Rand Paul Praises Horrendous Supreme Court Decision, Would Let Employers Ruthlessly Exploit Workers

Lochner v. New York is widely viewed as one of the worst Supreme Court decisions in American history. It is taught in law schools, alongside decisions upholding segregation and permitting Japanese detention camps, in order to instruct budding lawyers on how judges should not behave. Even Robert Bork, the failed, right-wing Supreme Court nominee who claimed women “aren’t discriminated against anymore”, called Lochner an “abomination” that “lives in the law as the symbol, indeed the quintessence of judicial usurpation of power.”

Lochner fabricated a so-called right to contract in order to strike down a New York law preventing bakery owners from overworking bakers, but its rationale has implications for any law intended to shield workers from exploitation. In essence, Lochner established that any law that limits any contract between an employer and an employee is constitutionally suspect. If desperation forces someone to agree to work 18 hours a day, seven days a week, for a dollar a day in a factory filled with toxic air, then courts must treat that law with heavy skepticism. Not every workplace law was struck down during the so-called Lochner Era — the justices of that era sometimes valued sexism more than they valued exploiting workers, for example — but Lochner placed any law benefiting workers on constitutionally weak footing. Needless to say, the “right to contract” it invented appears nowhere in the Constitution.

Nevertheless, Sen. Rand Paul (R-KY) took several minutes out of his lengthy talking filibuster yesterday to praise this “abomination” of a decision on the Senate floor:

You get to the Lochner case. The Lochner case is in 1905. The majority rules 5–4 that the right to make a contract is part of your due process. Someone cannot deprive you of determining how long your working hours are without due process. So President Obama’s a big opponent to this, but I would ask him — among the other things I’m asking him today — to rethink the Lochner case. . . . I think it’s a wonderful decision.

Watch it:

Although its not entirely clear what exploiting workers has to do with drone strikes, the primary subject of Paul’s filibuster, the senator seemed to think that Lochner was relevant because that case claimed that its fabricated right to contract flowed from the Constitution’s “due process” guarantee.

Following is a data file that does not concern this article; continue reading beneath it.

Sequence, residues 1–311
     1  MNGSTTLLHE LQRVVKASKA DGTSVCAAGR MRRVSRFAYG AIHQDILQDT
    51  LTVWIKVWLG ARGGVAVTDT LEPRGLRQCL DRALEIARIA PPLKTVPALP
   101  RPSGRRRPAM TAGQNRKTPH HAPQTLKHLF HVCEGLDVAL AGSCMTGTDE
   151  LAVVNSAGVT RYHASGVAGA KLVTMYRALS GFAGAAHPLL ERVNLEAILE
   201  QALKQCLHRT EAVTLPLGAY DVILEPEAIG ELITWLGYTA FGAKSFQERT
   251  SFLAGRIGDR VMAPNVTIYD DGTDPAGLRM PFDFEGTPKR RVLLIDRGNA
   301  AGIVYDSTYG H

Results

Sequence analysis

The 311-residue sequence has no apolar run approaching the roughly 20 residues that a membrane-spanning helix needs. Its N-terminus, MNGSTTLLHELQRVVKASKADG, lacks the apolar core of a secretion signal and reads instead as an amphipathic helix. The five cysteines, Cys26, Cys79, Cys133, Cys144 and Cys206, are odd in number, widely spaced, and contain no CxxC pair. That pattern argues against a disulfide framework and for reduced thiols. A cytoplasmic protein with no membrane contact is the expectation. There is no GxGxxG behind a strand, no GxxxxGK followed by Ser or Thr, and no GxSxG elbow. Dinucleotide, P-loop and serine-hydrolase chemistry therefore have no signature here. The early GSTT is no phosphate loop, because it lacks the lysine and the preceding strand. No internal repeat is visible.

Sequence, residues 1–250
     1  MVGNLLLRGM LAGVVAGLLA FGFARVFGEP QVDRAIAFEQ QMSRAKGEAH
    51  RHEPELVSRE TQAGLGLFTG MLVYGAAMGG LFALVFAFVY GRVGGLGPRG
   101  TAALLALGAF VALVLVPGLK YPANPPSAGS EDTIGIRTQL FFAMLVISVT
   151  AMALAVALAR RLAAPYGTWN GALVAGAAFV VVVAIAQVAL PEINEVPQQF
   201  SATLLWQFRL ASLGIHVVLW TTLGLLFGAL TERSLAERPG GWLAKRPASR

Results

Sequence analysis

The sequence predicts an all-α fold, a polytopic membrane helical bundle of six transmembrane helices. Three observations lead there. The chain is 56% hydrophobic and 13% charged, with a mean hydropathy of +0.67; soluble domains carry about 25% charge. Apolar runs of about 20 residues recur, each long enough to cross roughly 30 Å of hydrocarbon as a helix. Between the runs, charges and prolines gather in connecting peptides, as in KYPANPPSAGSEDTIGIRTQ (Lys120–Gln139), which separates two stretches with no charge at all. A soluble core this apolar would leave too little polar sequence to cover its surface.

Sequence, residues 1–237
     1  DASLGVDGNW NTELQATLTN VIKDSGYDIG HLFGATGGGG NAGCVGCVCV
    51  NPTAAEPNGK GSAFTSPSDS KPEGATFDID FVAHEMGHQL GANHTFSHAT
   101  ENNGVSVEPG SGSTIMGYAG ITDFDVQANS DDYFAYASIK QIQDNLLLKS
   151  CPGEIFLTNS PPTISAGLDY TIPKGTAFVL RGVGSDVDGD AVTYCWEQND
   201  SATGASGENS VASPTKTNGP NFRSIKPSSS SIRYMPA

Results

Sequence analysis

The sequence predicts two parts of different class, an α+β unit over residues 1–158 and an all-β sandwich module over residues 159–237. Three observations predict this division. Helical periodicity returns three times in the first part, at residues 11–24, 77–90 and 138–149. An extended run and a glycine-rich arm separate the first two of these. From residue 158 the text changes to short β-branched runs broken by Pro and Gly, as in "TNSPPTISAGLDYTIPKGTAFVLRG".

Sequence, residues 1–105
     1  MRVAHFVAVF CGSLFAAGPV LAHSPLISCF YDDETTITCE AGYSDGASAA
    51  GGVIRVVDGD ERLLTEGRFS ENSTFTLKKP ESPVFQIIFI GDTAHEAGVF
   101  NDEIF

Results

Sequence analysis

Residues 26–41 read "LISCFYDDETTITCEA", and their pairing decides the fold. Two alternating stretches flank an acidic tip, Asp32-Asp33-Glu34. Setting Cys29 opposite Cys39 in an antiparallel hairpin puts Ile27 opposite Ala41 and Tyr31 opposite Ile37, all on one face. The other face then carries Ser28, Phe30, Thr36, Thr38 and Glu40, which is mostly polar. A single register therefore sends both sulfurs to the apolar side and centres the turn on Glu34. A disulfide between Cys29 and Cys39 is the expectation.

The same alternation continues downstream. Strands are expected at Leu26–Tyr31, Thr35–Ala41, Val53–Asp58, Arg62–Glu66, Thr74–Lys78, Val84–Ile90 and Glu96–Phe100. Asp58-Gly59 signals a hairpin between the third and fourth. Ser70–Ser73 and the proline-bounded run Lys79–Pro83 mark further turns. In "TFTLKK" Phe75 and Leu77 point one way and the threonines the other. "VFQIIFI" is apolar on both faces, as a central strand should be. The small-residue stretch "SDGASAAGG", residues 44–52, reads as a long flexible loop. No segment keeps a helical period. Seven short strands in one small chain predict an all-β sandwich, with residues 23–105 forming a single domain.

Paul’s speech also includes a somewhat rambling attempt to claim that Lochner helped “end Jim Crow,” a claim that would cause anyone with even a rudimentary understanding of civil rights history to scratch their head. Lochner was decided in 1905, and, while Paul is correct that the Lochner Era justices very occasionally struck down discriminatory laws, Jim Crow was still very much alive when Lochner was overruled in the 1930s. The Supreme Court decision that did the most to eradicate Jim Crow — Brown v. Board of Education — rested on the Constitution’s guarantee that no person shall be denied the “the equal protection of the laws,” not on some fabricated right to contract. And Brown alone was insufficient to overcome the campaign of “massive resistance” segregationists mounted in defense of Jim Crow.

What finally killed American apartheid was big, centralized government of the kind Paul and his fellow tea partiers love to hate. The Civil Rights Act of 1964 required business owners to contract with minorities — something that would undoubtedly been unconstitutional under Lochner. And, of course, the same Voting Rights Act that is now endangered in the Supreme Court tore down Jim Crown voter exclusions. Sen. Paul, for his part, has incorrectly suggested that the Civil Rights Act violates the Constitution.

Paul’s endorsement of Lochner reflects a disturbing evolution in Tea Party thought. For much of Obama’s first term, Tea Party conservatives rallied behind “tentherism,” the false belief that most of what the federal government does is unconstitutional. Unlike tentherism, which applies only to federal laws, Lochnerism prevents both the federal government and the states from enacting necessary legislation. Although a handful of the most radical federal judges openly embrace Lochnerism or similar reasoning, this particularly virulent misreading of the Constitution was largely absent from elected officials’ rhetoric until Paul’s speech yesterday.

(HT: Josh Blackman)